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Did you know the Mater Hospital Brisbane Emergency Department has commenced a six-month trial of having a dedicated physiotherapist in the department increasing from five to seven-days-a-week?
The trial has been implemented in response to an increasing number of patients being referred from the Emergency Department to the weekend physiotherapy service.
Acting Director of Physiotherapy Michelle Grant explained the dedicated physiotherapist will assist with management of acute injuries across a variety of presentations including musculoskeletal, vestibular and respiratory conditions.
“The most common presentations the Physiotherapist would assist with are patients with uncomplicated fractures, ligament injuries, and acute neck, back, hip or knee pain. We also have an active role in the management of elderly patients who have fallen and require mobility assessments and falls prevention rehabilitation,” Michelle said.
“A physiotherapist can also provide relief to patients presenting with dizziness due to problems with their inner ear function like “BPPV” and those with respiratory conditions such as chest infections and chronic obstructive pulmonary disease.”
Physiotherapy Team Lead Stephen Erceg explains having a dedicated physiotherapist in the Emergency Department has many benefits for both patients and staff.
“The expertise that physiotherapists provide contributes to the holistic care of patients, as they are able to provide clinical advice in specialised areas and facilitate appropriate referrals to relevant services. The sooner a patient can be assessed and treated by the physiotherapist the sooner that their recovery begins,” Stephen said.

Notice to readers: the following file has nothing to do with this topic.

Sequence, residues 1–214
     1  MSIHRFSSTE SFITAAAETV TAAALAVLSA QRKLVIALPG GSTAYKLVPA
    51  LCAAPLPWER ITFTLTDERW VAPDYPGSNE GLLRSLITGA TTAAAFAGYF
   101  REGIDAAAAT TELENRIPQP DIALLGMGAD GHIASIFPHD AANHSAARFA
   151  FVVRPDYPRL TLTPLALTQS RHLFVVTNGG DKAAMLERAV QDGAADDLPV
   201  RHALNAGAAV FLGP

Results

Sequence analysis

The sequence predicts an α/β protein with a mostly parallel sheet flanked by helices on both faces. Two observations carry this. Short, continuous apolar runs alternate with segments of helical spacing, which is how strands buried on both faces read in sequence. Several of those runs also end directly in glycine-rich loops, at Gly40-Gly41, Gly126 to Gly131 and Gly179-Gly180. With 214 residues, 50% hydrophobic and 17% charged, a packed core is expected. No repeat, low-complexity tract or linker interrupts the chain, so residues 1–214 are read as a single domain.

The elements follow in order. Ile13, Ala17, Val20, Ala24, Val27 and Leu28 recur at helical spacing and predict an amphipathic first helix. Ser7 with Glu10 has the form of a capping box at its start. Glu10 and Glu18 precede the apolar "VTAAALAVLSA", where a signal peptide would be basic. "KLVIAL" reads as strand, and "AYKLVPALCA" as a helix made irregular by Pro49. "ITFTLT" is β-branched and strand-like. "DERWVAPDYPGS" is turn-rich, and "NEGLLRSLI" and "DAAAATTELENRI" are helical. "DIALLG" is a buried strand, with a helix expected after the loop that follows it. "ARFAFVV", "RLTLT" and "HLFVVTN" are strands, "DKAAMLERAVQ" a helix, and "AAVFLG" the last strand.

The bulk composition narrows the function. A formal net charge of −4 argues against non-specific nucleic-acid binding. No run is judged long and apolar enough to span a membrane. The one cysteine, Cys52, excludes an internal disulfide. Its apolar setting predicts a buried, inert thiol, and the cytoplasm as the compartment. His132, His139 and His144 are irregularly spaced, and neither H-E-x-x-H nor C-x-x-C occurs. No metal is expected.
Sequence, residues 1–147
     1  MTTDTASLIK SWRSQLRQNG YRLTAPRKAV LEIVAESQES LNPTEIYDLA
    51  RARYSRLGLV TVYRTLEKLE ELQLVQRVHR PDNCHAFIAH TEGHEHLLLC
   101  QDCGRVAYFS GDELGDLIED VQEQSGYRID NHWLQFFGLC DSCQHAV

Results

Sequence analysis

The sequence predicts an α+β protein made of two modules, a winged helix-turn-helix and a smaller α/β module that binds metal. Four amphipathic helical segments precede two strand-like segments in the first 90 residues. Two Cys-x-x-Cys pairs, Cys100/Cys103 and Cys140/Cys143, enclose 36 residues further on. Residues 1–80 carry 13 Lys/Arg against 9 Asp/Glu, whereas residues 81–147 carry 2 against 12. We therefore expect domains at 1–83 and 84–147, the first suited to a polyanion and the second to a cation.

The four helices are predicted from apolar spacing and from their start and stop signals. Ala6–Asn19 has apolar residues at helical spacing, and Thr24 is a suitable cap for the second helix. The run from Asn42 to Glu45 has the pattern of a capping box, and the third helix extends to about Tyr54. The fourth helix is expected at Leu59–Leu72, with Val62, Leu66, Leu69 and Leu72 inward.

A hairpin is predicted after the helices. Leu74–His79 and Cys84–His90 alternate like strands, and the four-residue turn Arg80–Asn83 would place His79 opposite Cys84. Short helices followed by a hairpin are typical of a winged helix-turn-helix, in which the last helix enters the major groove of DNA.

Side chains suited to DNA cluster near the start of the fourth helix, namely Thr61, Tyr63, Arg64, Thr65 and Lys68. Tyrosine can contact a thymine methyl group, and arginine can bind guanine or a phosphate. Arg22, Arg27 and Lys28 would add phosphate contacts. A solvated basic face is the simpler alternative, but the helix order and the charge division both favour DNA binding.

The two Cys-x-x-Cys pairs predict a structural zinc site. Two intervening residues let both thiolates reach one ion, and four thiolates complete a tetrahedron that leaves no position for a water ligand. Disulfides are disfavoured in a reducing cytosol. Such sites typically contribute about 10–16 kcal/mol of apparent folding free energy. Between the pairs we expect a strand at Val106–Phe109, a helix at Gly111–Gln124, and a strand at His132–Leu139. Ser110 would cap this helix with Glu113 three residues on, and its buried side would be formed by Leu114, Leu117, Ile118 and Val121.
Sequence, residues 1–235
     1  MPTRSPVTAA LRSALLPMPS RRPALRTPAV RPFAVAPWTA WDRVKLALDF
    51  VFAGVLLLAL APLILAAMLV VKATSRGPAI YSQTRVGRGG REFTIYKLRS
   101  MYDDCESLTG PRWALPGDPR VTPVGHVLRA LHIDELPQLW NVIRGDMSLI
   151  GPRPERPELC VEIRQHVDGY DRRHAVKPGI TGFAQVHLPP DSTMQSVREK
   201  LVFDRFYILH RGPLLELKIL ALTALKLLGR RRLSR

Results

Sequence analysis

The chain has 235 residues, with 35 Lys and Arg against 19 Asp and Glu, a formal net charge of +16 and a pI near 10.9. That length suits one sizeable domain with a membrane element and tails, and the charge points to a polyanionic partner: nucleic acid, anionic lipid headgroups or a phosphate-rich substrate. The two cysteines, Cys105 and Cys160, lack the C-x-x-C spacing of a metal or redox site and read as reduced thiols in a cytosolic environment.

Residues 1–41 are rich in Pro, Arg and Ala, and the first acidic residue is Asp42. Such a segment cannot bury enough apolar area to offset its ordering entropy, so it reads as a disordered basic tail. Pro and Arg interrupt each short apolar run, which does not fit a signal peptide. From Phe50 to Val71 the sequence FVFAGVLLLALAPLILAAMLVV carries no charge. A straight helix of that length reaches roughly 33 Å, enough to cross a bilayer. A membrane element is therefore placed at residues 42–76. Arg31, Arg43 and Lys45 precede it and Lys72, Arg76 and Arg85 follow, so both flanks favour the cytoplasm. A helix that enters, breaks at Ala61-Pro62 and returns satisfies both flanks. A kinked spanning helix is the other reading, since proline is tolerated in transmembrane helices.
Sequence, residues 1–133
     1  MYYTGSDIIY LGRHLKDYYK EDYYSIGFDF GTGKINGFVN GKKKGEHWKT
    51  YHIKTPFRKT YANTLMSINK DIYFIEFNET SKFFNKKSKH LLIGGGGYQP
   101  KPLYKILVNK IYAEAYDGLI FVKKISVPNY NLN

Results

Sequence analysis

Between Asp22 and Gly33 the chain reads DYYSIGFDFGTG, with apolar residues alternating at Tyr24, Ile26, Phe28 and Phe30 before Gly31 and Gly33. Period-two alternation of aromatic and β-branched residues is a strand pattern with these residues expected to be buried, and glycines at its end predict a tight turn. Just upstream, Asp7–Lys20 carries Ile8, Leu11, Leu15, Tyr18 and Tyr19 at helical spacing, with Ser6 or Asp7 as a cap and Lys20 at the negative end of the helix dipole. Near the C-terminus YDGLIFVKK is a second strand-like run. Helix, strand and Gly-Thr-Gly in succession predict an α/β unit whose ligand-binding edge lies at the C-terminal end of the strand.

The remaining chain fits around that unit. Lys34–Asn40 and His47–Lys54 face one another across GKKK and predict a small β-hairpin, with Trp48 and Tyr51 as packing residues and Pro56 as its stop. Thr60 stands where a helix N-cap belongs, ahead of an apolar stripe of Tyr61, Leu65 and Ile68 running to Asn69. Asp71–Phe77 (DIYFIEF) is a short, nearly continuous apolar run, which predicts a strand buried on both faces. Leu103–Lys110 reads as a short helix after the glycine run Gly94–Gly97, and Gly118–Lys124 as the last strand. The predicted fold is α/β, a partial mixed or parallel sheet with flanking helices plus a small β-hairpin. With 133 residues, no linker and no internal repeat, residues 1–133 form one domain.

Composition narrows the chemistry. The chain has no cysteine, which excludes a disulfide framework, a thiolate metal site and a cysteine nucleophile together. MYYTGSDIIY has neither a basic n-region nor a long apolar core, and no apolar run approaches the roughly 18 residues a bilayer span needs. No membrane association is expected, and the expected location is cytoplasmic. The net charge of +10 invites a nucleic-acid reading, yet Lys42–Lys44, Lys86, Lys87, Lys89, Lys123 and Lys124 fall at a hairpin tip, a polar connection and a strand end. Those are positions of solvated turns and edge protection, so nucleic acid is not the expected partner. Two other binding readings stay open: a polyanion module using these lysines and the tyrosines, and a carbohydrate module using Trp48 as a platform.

“By managing appropriate patients, the physiotherapist service will decrease the workload on doctors and nurses in the emergency department. Physiotherapists can assess mobility, provide rehabilitation plans, assist with discharge planning and organise follow up as required.”
Senior Physiotherapist Dilani Mendis said she hopes the service will not only have positive impacts on the Emergency Department but on other departments within the hospital as well.
“We expect by having early intervention with patients we will decrease patient length of stay in our emergency department and short stay unit. We could also potentially prevent hospital admissions,” Dilani said.
“This will most likely have a positive flow-on effect for the physiotherapists working over the weekend in our dedicated inpatient service as they will be able to spend more time with patients on the wards.”
The team are excited to see the role of a dedicated physiotherapist in the Emergency Department Physiotherapist growing in profile and significance as this will continue to help patients access emergency medical services quickly and safely.
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